Garden Road Catfish

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Lilacs and apple trees in bloom on Garden Road. / Photo by Jason W. Selby

Another birthday has passed, and my almost seven-year-old son Grant informed me that now I am old. This is the same boy who helps me deliver newspapers on Tuesdays, and on the trip back from Humeston through Cambria to Hwy. 2, after seeing the black graffiti on the back of the mileage marker sign that reads I love you, Grant said, “God must have put that there.”

My mother baked cakes unique to each year when I was young, and then photographed me blowing out the candles. She took her time molding, cooking and illustrating each masterpiece.

One May, it was blocks and mounds of frosting shaped like a giraffe, then Garfield, then a chocolate teddy bear with a maraschino cherry for a nose, then gummy worms on wooden poles luring gummy fish from a pale blue pond of icing, etc. Further on, dinosaurs appeared on earth in plastic form, leaving tracks when I removed them to allow my mother to cut and distribute this artwork to my brother and my sister, my cousin Matt Selby, and friends Travis Poston, Roman Nigut, Aaron Brees, Andy Tuttle, T.J. Jones and many others over time.

My father bought me leather work gloves as a present one year. It was implied I would therefore be helping him fix fence that summer after the last few weeks of school passed. Other years, he bought me fishing gear. That is why I fell in love with rain, when we couldn’t work in the field.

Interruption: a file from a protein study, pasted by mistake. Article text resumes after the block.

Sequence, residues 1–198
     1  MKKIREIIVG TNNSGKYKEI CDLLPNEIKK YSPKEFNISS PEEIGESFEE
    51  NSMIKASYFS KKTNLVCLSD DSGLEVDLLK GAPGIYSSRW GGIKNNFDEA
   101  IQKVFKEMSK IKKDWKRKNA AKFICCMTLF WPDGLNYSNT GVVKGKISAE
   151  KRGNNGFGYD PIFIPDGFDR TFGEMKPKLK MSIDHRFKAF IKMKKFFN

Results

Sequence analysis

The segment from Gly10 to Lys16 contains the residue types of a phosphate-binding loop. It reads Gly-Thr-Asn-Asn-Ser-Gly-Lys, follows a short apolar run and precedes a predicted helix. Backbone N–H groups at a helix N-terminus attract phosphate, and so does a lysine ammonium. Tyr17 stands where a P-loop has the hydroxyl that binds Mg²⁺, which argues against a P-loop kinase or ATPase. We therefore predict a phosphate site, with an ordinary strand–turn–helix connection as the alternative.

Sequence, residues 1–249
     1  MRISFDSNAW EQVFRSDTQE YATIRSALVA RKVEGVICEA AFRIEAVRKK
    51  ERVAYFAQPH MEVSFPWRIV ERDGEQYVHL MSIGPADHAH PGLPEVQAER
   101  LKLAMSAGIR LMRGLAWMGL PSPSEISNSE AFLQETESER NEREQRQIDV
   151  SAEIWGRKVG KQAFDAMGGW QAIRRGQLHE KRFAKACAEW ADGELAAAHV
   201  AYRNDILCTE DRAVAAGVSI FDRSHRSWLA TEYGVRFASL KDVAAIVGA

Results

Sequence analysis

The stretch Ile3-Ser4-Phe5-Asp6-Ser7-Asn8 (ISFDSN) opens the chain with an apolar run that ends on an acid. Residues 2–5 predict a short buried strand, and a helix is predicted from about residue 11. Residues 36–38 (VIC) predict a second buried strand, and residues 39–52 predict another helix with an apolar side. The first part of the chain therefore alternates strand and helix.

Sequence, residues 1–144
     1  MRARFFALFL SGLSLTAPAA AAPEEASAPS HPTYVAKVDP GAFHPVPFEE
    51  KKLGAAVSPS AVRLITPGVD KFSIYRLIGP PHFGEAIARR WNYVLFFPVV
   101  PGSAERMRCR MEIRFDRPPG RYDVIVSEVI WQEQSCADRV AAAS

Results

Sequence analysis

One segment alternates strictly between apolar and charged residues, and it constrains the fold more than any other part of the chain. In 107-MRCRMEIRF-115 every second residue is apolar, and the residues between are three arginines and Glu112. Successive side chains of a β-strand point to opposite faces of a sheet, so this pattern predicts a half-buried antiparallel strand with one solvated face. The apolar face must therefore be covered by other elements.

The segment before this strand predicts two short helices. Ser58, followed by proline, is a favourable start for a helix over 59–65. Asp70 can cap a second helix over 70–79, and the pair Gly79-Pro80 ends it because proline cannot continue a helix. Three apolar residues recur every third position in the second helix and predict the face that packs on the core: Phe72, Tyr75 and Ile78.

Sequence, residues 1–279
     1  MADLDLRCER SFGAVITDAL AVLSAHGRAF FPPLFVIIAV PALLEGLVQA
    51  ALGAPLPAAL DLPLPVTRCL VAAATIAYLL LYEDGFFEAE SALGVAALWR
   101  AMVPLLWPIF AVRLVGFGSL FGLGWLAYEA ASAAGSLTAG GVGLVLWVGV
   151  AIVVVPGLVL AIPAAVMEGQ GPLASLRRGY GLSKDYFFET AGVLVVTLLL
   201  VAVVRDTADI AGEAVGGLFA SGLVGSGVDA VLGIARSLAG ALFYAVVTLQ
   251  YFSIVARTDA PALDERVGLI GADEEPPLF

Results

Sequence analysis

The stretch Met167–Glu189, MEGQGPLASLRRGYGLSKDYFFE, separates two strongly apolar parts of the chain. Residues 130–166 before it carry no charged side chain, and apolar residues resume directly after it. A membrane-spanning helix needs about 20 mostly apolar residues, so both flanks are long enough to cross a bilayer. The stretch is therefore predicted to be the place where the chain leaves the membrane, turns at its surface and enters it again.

In one photograph from a birthday I could count in years on one hand, catfish hung from stringers between the swings of our playset. I remember pulling them in from the north shore of the east pond, an invisible force tugging me past the shallows and into a darkness I did not yet recognize; just because you cannot see the fish does not mean they are not there.

Across the world, in rivers fed by Himalayan snowmelt, catfish have grown so large they can devour men. Villagers send their dead on pyres into the current. The catfish eat the consecrated flesh, allowing these monsters to grow larger.

In the middle of our galaxy, a supermassive black hole, upon which trillions of worlds spin around, grows larger the more it is fed, yet this same god or demon—which does not follow the laws of nature, and is in fact beyond reason and time—gives life its shape, and without its consuming force our planet would not circle the sun. As a child, I had no idea what power held us in place. Words fail to describe it.

This year, my wife and I took our children to the museum, to the bowling alley and to the movie theatre, in that order. Jasmine needed to use the restroom during the film, but she was too afraid of falling into the toilet water, and perhaps getting stuck—it is wider than any potty she currently uses at home or at preschool—and therefore I had to leave early with my daughter. At home, Jasmine made me close the bedroom door because a cat on a poster with eyes she considers creepy was staring at her from the darkness.

The older I get, the wider the black hole grows. I cannot close that door. The only way to deal with this new reality is to adjust my perspective from fear to awe, which is the same way a child learns.